WandaVision’s season finale is now available on Disney Plus, putting an end to Marvel Studios’ very first TV series. It was a great series, and there’s a lot to discuss. Fortunately we have a year to do it, before Wanda returns in Doctor Strange and the Multiverse of Madness.
If you haven’t seen WandaVision episode 9, you may want to turn back now. We’re going deep into spoiler territory here, because there’s one key plot point that wiped crucial old Marvel TV shows from canon just as casually as Thanos snapped away half of life in the universe.
Are the non-watchers gone? Good, because we have to talk about the Darkhold. Agatha seemed very casual about the Darkhold, casually referring to it as the “Book of the Damned”. But the Darkhold is a big deal, in both Marvel comics and past TV shows. Just not this particular Darkhold.
Anyone who watched Agents of S.H.I.E.L.D. will remember that the Darkhold played a crucial role in the show’s fourth season. It also showed up in the third season of Runaways, where it's used for all sorts of evil deeds by ancient witch Morgan Le Fay.
But it doesn’t appear to be the same Darkhold as the one Agatha has in her basement. In fact, beyond the name and the moniker “book of the damned” the two seem to be completely unrelated. Take a look at Darkhold as we saw it in WandaVision, and then look at the Darkhold from Agents of S.H.I.E.L.D. and Runaways.
See what I mean? The two books couldn’t look more different. For starters only one of them looks suitably magical (and evil) to be the so-called book of the damned.
Likewise the actual writing in the book is portrayed differently. In the TV shows the Darkhold is your traditional book with words and diagrams, though every reader sees it in a format that they best understand. WandaVision’s Darkhold is a lot more ancient and ornate, and written in some form of ancient language.
Which one isn’t clear, but it’s not the kind of language you’d be most familiar with if you grew up in colonial New England.
But, more to the point, it’s fair to say that these books are not the same object. But they are treated, and behave, much like the Darkhold from the comics should in their own different way. So either there are two Darkholds in the MCU or these two shows are not in the same universe.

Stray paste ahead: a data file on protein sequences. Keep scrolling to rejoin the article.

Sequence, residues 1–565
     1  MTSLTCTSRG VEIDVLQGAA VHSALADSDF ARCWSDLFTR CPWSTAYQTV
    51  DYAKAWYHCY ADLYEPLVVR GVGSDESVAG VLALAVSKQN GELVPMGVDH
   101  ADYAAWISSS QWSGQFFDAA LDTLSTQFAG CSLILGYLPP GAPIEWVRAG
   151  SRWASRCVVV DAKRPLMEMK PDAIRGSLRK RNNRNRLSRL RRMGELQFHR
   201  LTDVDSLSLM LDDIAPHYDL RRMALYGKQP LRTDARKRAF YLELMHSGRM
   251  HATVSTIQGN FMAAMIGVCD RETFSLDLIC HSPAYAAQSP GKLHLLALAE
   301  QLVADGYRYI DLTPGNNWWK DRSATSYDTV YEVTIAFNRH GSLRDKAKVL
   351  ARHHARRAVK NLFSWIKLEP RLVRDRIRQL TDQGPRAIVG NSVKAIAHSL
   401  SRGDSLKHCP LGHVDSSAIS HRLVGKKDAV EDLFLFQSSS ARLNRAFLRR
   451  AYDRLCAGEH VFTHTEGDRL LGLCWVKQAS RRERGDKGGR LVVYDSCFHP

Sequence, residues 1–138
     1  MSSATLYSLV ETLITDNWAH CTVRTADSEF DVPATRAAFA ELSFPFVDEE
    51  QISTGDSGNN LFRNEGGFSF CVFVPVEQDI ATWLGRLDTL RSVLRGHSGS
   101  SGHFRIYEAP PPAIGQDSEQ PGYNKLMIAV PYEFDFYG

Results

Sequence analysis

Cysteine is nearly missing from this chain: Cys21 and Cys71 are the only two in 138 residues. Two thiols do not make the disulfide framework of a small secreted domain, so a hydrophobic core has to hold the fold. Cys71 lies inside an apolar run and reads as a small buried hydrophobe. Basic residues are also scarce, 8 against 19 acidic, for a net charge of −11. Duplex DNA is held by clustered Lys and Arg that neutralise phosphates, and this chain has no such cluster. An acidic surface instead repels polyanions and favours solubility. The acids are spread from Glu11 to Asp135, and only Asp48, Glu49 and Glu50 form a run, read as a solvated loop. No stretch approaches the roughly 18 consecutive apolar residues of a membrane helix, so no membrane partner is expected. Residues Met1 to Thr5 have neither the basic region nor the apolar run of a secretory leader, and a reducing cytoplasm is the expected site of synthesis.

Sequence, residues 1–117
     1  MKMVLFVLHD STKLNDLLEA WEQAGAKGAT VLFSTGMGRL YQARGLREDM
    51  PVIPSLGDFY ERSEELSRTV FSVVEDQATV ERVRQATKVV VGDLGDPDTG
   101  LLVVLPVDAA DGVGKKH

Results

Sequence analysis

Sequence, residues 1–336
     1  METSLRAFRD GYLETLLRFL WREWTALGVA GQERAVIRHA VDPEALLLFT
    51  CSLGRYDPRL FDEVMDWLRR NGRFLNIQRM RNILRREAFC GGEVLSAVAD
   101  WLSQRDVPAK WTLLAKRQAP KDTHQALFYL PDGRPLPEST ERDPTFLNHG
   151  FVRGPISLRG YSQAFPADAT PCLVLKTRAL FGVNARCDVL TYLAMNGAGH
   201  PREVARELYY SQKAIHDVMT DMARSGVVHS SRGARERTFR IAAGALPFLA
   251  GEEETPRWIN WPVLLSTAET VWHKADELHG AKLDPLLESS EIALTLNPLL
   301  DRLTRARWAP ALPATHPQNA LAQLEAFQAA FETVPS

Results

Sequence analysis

In the comics the Darkhold was written by the Elder God Cthon (think Cthulhu, but worse), and served as a conduit for his power on Earth. In other words it’s one of a kind, and not the kind of thing you can take down to a printing press and make copies off.
Movie and TV continuity has always been strained
The continuity between Marvel TV and Marvel Studios has always been a point of contention, even though Agents of S.H.I.E.L.D. always did its best to work the movie storylines into its own plot. Or at least it did until the show’s sixth season arrived and totally ignored the fact Thanos snapped away half of all life.
Despite sharing the Marvel name, Marvel Television and Marvel Studios are two different companies. Marvel Studios has been part of Disney’s film division since 2015, while Marvel TV is part of Marvel Entertainment — the same company responsible for toys, comics, and everything else tangibly linked to the Marvel universe.
There’s some bad blood in the relationship, but that’s a more complicated topic for another time. Needless to say Marvel Studios has pretty-much ignored the MCU-centric TV shows for several years. The only exception being James D'Arcy’s brief cameo in Avengers: Endgame, reprising his role from Agent Carter as Howard Stark’s butler Jarvis.
Some fans have attempted to reconcile the links, and insist that Marvel TV is still MCU canon, because there’s no evidence that says otherwise. Until now, with the very casual inclusion of the Darkhold in WandaVision.
With some canon is erased, could others return?
With a wave of her hands and a seemingly inconsequential line, Agatha just wiped huge portions of Marvel TV from MCU canon. Or, at the very least, Agents of S.H.I.E.L.D., it’s tangibly-related spin-off Inhumans and Runaways. Presumably Cloak and Dagger too, since it crossed over with Runaways not too long ago.
When it comes to other notable agents from the S.H.I.E.L.D. series, we get more reason to suspect casual dissolution of the show. MCU movie characters Clark Gregg and Maria Hill (among others) appeared in the TV series, but none of the show's characters ever appeared in the movies. And now that a major relic from the show has been ret-conned to look completely differently, it's not hard to see that these Marvel show may not have happened in the MCU.
What we don’t know for sure is what happens to the rest. The Netflix Marvel shows (Daredevil, Jessica Jones et al) only crossed over with each other, so they’re still in limbo. Likewise Agent Carter’s status is still unknown, though the presence of Jarvis in Endgame does imply some version of the show did happen in-universe.
But Agents of SHIELD lasted seven seasons, making it the longest running modern Marvel TV show. And now we actually have some tangible proof that it’s been wiped from canon. Turns out it was Agatha all along.